[Dr Yoshinobu Takei is a Research Associate at the Walther Schücking Institute for International Law, University of Kiel]Cross-posted at SHARES Blog.
First of all, I wish to thank Opinio Juris and SHARES for inviting me to participate in this highly interesting symposium. In my post, I will analyze the relevance of the law of responsibility in a fisheries context, describe some of the recent developments in this field and highlight some points for discussion.
On 9 May 2013, a Taiwanese fishing boat was shot by a Philippine government vessel and the incident resulted in the death of a crew member onboard the fishing boat as well as serious damage to the boat. The Taiwanese government demanded the Philippine government “to respond to four demands: a formal apology; compensation; an expeditious investigation followed by the severe punishment of the perpetrators, and the speedy arrangement of negotiations on fishery matters” (Taiwanese Ministry of Foreign Affairs), although the Philippine government claimed that their law enforcement was obstructed by the attempted attack by the boat in question and they were therefore forced to open fire. This sad incident again testifies that state responsibility plays an important role in a fisheries context.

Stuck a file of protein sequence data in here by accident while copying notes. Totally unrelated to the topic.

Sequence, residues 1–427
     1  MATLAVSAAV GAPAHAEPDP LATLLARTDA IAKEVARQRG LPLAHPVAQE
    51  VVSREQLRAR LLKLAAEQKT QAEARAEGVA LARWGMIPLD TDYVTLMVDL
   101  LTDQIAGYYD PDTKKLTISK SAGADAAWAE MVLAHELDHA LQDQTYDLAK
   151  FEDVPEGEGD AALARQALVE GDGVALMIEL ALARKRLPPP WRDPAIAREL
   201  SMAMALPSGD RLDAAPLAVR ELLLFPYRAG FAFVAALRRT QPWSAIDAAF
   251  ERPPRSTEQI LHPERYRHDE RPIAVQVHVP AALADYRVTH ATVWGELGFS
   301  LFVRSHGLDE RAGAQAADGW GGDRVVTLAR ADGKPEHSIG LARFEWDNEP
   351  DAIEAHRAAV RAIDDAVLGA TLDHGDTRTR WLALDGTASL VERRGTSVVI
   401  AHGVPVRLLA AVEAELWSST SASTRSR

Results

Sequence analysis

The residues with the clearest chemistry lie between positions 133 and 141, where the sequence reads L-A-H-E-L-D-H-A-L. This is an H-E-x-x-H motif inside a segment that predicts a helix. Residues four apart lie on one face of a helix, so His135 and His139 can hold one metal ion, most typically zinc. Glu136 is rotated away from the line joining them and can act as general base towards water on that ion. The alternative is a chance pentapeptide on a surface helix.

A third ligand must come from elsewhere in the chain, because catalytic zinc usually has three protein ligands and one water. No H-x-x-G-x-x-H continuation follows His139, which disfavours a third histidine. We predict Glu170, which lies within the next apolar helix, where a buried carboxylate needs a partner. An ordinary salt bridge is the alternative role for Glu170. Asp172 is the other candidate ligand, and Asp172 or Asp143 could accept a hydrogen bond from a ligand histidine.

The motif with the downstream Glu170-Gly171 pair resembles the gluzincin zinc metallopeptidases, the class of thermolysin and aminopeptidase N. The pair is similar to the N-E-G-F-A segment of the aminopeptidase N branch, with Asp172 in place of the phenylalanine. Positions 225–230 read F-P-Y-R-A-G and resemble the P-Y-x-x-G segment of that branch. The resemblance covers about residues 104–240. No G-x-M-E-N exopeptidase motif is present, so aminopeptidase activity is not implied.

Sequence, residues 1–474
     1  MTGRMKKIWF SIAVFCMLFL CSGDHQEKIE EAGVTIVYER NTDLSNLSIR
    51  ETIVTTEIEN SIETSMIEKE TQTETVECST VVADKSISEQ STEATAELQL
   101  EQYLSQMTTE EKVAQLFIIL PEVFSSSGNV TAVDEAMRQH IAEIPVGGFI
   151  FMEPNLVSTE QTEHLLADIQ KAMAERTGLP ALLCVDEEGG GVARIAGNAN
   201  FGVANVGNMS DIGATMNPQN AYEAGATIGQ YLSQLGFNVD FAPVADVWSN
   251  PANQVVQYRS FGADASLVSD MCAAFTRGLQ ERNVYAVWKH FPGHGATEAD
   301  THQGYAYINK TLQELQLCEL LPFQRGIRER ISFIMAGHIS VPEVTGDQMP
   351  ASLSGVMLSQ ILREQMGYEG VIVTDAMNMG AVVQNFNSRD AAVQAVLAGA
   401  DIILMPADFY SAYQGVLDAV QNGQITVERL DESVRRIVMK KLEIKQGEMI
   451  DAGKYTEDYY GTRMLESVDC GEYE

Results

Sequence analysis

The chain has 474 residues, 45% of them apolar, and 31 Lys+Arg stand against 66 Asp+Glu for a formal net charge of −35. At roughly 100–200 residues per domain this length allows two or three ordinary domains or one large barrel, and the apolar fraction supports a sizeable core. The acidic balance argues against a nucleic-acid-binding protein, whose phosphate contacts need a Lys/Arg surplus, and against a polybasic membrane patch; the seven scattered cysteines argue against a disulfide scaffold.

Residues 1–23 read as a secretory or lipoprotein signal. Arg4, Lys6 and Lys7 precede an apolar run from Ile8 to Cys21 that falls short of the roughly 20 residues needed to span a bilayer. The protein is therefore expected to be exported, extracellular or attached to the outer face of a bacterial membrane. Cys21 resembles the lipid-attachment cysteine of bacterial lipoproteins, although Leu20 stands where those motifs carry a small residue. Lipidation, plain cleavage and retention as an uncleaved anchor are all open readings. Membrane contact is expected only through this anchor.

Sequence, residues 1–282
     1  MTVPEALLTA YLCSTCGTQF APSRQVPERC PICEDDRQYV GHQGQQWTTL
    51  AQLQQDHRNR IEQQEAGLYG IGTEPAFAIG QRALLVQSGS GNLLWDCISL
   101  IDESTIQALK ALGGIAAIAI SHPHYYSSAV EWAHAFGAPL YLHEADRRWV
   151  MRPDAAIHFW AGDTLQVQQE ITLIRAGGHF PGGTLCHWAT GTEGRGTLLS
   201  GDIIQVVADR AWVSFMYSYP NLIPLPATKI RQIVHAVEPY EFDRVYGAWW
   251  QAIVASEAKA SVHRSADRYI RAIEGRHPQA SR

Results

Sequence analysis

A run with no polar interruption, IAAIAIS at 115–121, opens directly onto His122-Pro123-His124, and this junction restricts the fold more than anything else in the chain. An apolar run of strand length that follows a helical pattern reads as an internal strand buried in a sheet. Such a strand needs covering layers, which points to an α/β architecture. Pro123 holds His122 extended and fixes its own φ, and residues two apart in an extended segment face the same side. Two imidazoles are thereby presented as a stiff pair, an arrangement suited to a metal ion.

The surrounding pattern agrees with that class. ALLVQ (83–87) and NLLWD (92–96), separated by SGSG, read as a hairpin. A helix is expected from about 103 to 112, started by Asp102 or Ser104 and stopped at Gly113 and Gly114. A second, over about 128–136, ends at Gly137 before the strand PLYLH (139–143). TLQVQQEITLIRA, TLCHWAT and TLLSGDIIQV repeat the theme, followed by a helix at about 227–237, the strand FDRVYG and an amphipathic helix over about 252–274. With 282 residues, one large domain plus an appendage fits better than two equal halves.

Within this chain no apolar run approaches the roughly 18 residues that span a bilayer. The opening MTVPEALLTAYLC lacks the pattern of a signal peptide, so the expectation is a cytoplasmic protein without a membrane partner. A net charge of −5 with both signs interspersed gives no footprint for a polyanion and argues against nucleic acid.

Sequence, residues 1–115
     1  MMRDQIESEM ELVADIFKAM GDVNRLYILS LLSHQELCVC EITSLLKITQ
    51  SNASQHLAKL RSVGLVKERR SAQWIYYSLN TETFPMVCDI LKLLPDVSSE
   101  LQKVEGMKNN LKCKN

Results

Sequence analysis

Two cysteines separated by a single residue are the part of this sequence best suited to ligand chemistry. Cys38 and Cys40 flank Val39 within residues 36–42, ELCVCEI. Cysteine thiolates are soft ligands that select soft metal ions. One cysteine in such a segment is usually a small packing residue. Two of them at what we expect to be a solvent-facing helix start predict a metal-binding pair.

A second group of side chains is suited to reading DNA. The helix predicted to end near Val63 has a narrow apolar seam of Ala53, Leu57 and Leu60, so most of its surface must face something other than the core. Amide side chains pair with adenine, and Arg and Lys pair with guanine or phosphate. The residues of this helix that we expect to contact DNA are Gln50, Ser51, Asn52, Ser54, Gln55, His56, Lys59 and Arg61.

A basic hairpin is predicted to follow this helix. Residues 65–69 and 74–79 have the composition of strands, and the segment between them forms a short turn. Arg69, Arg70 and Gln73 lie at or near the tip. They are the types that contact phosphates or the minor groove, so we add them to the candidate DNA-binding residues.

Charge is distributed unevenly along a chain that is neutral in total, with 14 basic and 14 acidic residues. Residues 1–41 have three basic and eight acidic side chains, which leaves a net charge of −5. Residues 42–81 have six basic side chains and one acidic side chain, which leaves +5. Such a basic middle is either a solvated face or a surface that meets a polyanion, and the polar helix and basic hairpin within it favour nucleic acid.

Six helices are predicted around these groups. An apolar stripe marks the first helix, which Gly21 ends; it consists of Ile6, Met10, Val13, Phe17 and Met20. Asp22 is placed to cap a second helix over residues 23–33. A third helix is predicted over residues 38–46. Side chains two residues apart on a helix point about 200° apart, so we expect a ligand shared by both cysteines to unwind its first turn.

After several decades of uncertainty over the jurisdictional framework for marine capture fisheries, during which states focused on multilateral treaty negotiations rather than invoking state responsibility with a few notable exceptions such as the Fisheries Jurisdiction cases brought against Iceland before the International Court of Justice (ICJ), the issue of state responsibility has gained momentum in contemporary discussions on international fisheries management.